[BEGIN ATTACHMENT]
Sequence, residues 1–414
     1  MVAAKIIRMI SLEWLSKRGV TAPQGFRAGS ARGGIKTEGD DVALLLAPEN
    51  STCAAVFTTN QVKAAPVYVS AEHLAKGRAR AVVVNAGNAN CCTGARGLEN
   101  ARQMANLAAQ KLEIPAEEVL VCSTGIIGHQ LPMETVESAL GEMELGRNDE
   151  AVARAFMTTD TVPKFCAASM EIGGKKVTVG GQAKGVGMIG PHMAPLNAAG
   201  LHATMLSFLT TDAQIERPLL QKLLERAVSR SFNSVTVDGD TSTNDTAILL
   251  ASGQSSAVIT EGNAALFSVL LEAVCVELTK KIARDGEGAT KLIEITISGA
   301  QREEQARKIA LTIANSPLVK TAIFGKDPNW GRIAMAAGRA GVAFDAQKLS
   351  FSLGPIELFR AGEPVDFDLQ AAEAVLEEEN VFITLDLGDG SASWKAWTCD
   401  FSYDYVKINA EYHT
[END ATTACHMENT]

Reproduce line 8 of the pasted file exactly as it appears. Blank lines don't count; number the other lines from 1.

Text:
   301  QREEQARKIA LTIANSPLVK TAIFGKDPNW GRIAMAAGRA GVAFDAQKLS